I had previously written about the so-called Jesus’ Wife fragment that was brought to the public’s attention in 2012 by Karen King of Harvard Divinity School (here, here, and here). It was greeted by a lot of controversy regarding its authenticity, with the evidence leaning heavy in the direction of forgery. We had been waiting for tests to be performed on the papyrus and ink for well over a year to see if they also pointed in the direction of forgery. Those results finally came out in April 2014. It turns out that the materials are old (~8th century A.D.), but not nearly as old as King initially suggested and the paleographic evidence indicated (4-5th century A.D.).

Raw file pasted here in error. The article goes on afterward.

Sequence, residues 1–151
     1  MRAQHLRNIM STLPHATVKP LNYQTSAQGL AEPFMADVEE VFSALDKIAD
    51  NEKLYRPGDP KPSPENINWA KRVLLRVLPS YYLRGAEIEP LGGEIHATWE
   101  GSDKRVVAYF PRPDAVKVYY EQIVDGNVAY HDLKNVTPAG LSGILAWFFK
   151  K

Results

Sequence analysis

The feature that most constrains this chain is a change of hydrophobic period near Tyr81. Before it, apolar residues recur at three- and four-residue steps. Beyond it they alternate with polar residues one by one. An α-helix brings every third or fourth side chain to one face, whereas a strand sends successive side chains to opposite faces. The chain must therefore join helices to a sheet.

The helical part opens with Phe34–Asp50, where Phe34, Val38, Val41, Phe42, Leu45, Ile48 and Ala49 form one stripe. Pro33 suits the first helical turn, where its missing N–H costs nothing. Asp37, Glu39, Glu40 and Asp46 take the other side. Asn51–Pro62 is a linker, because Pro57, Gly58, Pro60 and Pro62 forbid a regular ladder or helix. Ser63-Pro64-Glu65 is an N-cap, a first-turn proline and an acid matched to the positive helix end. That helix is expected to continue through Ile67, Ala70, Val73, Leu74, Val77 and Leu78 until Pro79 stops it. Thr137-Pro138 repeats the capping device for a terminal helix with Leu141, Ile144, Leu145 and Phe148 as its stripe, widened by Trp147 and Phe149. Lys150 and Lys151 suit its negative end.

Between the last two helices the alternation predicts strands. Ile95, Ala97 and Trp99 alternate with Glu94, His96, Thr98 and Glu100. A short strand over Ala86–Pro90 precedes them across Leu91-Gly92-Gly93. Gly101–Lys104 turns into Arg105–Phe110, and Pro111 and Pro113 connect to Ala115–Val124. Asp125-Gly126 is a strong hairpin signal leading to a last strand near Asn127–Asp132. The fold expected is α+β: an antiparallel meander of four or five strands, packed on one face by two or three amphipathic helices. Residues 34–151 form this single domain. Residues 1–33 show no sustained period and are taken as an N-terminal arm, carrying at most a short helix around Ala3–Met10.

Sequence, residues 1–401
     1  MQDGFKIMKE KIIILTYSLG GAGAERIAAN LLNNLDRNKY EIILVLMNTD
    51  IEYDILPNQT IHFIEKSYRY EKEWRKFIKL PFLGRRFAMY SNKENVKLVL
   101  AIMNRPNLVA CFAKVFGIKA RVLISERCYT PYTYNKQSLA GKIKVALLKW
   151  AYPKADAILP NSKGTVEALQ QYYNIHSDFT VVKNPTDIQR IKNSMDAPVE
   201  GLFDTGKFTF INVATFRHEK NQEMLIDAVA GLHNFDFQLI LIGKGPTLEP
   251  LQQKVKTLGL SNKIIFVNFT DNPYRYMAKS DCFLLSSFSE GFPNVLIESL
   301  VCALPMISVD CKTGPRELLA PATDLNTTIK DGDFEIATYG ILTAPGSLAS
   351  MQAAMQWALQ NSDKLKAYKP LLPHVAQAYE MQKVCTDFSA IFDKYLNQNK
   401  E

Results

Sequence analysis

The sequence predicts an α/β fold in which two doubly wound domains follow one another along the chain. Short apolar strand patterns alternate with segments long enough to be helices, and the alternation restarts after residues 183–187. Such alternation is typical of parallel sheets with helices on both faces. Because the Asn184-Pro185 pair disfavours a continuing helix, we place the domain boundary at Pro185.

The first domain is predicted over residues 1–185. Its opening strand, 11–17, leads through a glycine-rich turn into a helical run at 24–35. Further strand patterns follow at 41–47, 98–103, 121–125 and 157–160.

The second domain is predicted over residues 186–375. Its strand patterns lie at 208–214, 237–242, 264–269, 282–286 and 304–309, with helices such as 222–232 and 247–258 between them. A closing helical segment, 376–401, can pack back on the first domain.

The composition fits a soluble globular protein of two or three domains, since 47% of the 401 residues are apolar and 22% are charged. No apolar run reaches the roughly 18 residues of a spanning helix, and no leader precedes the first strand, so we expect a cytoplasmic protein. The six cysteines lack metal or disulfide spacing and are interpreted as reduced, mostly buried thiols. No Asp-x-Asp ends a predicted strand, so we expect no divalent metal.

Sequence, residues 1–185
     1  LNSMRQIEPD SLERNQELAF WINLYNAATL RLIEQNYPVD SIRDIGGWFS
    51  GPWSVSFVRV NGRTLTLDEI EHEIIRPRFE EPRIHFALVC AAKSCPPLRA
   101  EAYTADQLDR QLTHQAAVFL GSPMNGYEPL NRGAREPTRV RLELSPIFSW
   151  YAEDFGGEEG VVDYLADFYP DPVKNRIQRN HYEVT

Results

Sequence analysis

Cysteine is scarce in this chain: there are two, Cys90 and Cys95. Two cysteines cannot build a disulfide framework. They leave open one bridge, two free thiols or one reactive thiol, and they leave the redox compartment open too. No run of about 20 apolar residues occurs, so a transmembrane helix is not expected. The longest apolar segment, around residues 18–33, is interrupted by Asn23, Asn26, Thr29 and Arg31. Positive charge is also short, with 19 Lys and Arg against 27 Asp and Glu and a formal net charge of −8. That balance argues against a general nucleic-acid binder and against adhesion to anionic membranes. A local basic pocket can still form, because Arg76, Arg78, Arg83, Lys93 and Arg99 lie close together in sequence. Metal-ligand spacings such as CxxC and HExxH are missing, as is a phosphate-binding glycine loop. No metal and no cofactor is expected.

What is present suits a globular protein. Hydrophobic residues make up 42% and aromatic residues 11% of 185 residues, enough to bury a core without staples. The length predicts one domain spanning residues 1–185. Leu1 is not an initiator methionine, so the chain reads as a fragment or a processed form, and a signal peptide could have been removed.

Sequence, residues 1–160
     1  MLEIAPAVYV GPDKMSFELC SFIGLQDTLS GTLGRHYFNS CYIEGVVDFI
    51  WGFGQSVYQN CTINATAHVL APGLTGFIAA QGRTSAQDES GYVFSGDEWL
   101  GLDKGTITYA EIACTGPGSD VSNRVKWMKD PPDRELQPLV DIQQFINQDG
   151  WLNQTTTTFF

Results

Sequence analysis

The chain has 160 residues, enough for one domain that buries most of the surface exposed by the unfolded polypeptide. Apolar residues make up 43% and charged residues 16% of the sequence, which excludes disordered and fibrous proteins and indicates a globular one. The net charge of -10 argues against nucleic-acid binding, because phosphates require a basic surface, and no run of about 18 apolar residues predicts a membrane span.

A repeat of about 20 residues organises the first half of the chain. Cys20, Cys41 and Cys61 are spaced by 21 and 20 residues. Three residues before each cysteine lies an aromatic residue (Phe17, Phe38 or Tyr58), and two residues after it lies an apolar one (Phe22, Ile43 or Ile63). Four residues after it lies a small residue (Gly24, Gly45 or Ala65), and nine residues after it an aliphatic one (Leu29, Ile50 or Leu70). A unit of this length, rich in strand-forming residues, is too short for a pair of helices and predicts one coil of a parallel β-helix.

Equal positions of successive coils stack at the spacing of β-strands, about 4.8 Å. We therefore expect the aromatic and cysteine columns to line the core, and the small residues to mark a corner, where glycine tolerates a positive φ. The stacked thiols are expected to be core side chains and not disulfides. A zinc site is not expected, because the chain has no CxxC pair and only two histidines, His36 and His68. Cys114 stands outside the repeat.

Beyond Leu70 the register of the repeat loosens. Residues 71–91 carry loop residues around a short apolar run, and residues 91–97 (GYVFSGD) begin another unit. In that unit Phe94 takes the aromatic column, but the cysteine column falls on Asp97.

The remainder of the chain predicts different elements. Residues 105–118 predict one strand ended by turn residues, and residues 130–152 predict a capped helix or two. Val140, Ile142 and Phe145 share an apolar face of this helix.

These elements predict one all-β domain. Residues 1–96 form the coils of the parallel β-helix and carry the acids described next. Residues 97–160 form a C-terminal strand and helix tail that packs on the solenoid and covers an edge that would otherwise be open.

Despite the ~300 year difference between estimated age and actual age of the papyrus, this seemed to be a vindication for King against those who argued that it is a modern forgery. But is it? Couldn’t it be a modern forgery using ancient materials? After all, no forger buys his paper at the local Wal-Mart! We would expect a forger to use an old papyrus for his forgery, so an analysis of the materials alone is not sufficient to tell us whether this is a forgery (it can confirm forgery, but not preclude it). The analysis of the contents (vocabulary, grammar, writing style, etc.) is equally important, if not more important than the material composition itself for evaluating authenticity.